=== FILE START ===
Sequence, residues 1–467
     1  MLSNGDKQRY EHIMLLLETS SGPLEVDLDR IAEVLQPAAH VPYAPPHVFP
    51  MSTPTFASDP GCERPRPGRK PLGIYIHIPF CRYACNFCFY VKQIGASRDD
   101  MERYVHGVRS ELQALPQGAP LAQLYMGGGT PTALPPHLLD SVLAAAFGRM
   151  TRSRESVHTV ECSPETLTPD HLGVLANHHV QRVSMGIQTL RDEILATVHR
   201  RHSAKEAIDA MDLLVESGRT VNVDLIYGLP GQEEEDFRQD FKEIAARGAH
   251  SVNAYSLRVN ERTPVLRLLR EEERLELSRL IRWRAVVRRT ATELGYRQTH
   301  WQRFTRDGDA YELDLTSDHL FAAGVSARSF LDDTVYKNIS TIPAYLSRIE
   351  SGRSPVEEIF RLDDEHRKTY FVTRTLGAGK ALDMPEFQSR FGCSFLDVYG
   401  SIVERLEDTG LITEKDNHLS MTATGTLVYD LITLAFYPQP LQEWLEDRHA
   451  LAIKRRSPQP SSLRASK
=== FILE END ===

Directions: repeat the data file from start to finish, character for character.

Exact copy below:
Sequence, residues 1–467
     1  MLSNGDKQRY EHIMLLLETS SGPLEVDLDR IAEVLQPAAH VPYAPPHVFP
    51  MSTPTFASDP GCERPRPGRK PLGIYIHIPF CRYACNFCFY VKQIGASRDD
   101  MERYVHGVRS ELQALPQGAP LAQLYMGGGT PTALPPHLLD SVLAAAFGRM
   151  TRSRESVHTV ECSPETLTPD HLGVLANHHV QRVSMGIQTL RDEILATVHR
   201  RHSAKEAIDA MDLLVESGRT VNVDLIYGLP GQEEEDFRQD FKEIAARGAH
   251  SVNAYSLRVN ERTPVLRLLR EEERLELSRL IRWRAVVRRT ATELGYRQTH
   301  WQRFTRDGDA YELDLTSDHL FAAGVSARSF LDDTVYKNIS TIPAYLSRIE
   351  SGRSPVEEIF RLDDEHRKTY FVTRTLGAGK ALDMPEFQSR FGCSFLDVYG
   401  SIVERLEDTG LITEKDNHLS MTATGTLVYD LITLAFYPQP LQEWLEDRHA
   451  LAIKRRSPQP SSLRASK